47 — By Capt. Bill Pike
— March 2003
|Part 2: Actually driving the 47 in open water was as enjoyable a seagoing experience as I’ve had in a dog’s age.|
Halting our sternway with a click of the Mathers MicroCommander singlestick control, I felt the 47's monster displacement for the first time--dang near 41 tons at full load. Although an influential breeze blew softly down the fairway, the test boat held station like a monolithic paperweight as I backed-and-filled a 90-degree turn, then straightened `er up. By easily exiting the marina via a channel crammed with big sailing cats and charter boats, the 47 then showed me she could maneuver in heavy traffic with as much authority as she could dockside.
The propulsion system was the reason. It comes straight out of West Coast fishing trawlers, a type of craft justly touted for a commodious carrying capacity, a soft, seakindly roll underway, and most important, a big, slow-moving, highly efficient propeller. The 47 fits the scenario perfectly, especially the last part. Her prop is darn near three feet across, and her deep gear ratio (3.96:1) cuts propeller revs by a factor of nearly four, which slows things down considerably and parenthetically produces enough bottom-end maneuvering torque to make even a bad boathandler look good.
Because PMY's fuel-flow computer turned moody and uncooperative once we'd lost the scent of land, I spent a fair amount of time in the 47's engine room during our sea trial. I took fuel-consumption readings via a stopwatch and a sight gauge installed on the 47's "supply reservoir," a daytank-like chamber of welded aluminum installed on the forward engine-room bulkhead. Savvy feature! In addition to facilitating the accurate calculation of fuel burn on the fly, which comes in handy on long passages as well as boat tests, it collects fuel for engine/genset consumption via gravity from the main tanks--thus ensuring the 47's always primed and ready to run. Moreover, it enables an owner to detect and drain accumulated water via a sensor/alarm system and a petcock.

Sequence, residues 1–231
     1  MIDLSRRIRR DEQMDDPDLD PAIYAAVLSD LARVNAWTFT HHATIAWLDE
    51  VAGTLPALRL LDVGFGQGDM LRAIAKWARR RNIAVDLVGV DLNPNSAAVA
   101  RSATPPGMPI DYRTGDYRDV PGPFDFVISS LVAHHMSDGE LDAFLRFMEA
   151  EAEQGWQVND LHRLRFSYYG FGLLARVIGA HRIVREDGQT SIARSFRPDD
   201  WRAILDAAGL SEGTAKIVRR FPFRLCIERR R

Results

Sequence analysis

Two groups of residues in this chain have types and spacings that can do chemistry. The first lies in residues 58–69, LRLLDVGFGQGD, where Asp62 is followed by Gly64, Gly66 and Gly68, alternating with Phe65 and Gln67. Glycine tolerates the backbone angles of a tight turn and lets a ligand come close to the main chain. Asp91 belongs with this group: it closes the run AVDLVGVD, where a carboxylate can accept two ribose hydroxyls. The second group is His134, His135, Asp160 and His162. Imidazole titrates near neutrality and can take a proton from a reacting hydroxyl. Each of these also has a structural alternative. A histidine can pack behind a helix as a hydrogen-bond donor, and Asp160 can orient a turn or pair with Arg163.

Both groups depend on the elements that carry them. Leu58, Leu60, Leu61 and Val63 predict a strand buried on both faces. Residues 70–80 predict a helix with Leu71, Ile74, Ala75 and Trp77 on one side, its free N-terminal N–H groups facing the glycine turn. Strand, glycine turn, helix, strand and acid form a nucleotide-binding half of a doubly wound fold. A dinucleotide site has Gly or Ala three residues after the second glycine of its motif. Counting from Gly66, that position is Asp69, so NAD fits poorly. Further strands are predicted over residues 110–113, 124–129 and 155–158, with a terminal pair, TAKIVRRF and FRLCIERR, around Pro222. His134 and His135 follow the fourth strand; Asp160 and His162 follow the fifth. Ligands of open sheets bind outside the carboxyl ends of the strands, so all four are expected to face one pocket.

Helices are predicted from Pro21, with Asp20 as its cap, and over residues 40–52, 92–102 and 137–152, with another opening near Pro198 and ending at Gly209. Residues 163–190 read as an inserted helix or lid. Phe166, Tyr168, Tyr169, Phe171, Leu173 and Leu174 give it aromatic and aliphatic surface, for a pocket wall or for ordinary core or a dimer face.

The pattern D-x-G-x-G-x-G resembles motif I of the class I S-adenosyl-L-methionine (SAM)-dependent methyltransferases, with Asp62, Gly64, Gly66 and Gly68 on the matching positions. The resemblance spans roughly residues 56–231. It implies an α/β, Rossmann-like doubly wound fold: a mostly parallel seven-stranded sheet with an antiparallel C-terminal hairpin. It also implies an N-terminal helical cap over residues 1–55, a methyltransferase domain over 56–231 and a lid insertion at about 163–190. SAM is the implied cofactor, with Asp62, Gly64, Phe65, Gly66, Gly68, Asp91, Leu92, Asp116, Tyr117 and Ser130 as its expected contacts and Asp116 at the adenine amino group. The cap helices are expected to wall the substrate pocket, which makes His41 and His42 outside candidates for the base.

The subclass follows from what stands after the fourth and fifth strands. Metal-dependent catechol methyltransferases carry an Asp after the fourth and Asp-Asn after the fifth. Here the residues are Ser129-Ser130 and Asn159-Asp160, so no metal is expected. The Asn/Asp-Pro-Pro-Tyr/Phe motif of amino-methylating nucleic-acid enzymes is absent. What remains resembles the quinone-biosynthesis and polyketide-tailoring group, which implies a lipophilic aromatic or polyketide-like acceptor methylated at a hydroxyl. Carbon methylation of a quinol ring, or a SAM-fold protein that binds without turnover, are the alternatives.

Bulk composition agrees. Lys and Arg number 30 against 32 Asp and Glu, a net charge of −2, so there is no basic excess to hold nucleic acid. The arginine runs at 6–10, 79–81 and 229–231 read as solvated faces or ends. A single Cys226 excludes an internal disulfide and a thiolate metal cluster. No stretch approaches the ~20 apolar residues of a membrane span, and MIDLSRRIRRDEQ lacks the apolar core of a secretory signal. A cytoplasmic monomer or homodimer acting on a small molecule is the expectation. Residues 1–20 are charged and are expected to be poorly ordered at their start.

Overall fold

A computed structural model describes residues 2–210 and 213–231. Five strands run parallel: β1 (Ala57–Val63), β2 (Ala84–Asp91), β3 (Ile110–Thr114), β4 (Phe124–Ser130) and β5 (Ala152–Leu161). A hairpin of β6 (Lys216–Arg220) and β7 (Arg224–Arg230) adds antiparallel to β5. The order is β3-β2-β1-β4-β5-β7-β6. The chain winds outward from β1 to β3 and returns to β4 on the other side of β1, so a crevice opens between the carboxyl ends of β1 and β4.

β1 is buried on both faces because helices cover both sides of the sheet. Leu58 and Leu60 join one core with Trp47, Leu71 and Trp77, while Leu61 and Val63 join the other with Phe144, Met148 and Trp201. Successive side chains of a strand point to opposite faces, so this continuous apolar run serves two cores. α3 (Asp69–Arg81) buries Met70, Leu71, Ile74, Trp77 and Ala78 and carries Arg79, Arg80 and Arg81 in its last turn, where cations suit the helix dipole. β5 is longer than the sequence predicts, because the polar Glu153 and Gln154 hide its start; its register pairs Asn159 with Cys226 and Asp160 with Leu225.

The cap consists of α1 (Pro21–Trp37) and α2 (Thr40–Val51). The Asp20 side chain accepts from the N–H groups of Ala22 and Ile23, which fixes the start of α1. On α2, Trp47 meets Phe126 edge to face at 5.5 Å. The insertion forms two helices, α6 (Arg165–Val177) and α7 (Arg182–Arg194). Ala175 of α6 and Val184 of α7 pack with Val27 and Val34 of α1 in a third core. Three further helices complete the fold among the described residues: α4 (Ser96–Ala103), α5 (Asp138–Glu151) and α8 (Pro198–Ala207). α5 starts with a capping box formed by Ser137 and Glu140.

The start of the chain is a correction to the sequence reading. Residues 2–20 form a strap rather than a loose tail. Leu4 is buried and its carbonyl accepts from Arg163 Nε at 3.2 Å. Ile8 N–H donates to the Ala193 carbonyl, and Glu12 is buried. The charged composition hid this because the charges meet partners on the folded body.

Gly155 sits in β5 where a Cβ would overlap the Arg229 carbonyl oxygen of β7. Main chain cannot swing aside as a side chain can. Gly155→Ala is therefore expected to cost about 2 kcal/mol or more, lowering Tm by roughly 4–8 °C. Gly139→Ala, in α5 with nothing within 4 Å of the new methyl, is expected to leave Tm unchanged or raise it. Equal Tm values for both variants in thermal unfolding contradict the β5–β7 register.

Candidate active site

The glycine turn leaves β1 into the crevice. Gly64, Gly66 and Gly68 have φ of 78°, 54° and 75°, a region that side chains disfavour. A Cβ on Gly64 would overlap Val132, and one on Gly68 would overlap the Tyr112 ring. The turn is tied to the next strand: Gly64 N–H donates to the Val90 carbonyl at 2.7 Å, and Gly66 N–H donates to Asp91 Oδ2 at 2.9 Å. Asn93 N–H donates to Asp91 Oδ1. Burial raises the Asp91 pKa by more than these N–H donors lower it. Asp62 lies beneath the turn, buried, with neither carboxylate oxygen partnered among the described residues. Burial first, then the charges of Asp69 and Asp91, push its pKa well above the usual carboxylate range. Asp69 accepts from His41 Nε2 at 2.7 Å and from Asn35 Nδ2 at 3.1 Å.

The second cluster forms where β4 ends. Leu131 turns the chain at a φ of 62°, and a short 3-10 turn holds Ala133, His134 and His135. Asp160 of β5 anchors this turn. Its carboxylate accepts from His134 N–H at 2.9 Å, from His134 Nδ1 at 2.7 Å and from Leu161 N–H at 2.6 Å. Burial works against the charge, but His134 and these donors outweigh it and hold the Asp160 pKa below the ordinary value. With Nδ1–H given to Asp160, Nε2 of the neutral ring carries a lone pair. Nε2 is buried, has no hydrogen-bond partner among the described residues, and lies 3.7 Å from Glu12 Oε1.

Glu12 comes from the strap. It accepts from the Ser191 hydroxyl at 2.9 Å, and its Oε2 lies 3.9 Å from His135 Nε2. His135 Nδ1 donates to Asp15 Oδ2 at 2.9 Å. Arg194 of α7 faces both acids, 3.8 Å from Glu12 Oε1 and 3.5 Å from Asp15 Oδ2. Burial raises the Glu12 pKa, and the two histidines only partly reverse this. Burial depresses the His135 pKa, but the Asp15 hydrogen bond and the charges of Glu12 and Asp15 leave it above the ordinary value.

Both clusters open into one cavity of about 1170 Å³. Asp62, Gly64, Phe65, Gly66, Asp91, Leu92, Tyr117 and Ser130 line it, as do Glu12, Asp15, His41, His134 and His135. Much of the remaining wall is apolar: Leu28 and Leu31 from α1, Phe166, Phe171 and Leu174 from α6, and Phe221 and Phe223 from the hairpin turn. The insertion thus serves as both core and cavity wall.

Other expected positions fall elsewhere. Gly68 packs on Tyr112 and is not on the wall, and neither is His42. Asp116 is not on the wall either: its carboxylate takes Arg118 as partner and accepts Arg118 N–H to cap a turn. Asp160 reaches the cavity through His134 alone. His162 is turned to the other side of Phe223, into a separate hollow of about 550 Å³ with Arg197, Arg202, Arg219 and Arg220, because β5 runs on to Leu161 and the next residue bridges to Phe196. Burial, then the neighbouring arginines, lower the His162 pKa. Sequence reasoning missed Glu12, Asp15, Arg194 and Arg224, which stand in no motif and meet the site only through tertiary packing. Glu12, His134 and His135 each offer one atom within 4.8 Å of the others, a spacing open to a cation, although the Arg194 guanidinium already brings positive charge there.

One general comment about the engine room: From its layout and design, it's obvious that P.A.E. understands the importance of simplicity and elbowroom to owner/engineers. The place has standing headroom everywhere and contains little more than a walkaround main engine, recessed tankage, a soundshielded genset, and a 35-hp Yanmar emergency "wing engine" in case of main-engine failure. Auxiliaries (Trace inverter, Lifeline 8D batteries, Hynautic hydraulics, etc.) are just as nicely laid out, but they're located in a full-beam lazarette with stoop-type headroom.
Actually driving the 47 in open water was as enjoyable a seagoing experience as I've had in a dog's age. Speeds were typical of a displacement vessel. Turns were surprisingly tight and outboard-leaning, a characteristic of displacement-type vessels with substantial, heavily ballasted keels. Visibility, from dead ahead to well abaft the beam, was excellent. Our Naiad stabilizers were unnecessary in the gentle swells, and the conversation was good--Leishman loosened up with a few tales about his experiences onboard the Nordhavn 40 that recently circled the globe.
I returned the 47 to the marina late in the afternoon and subsequently toured her traditional teak interior with ardor. There's little I can say about the layout that's not obvious from the photographs and drawings here, however. Dedicated wheelhouse up top, with chart table, L-shape lounge, and dayberth. Saloon and galley (with granite countertops) on the next deck down. Two staterooms (master aft and guest forward), two good-size heads, an office alcove, engine room and lazarette at the bottom of the pile. The finish throughout was precise, the look simple, and brand names prestigious.
Shortly after the test, I made the following admission to myself, which serves as a fitting conclusion here:
If I ever win the lottery, I know exactly what new boat I'll buy: a Nordhavn 47.
P.A.E./Nordhavn Phone: (949) 496-4848. www.nordhavn.com.
This article originally appeared in the March 2003 issue of Power & Motoryacht magazine.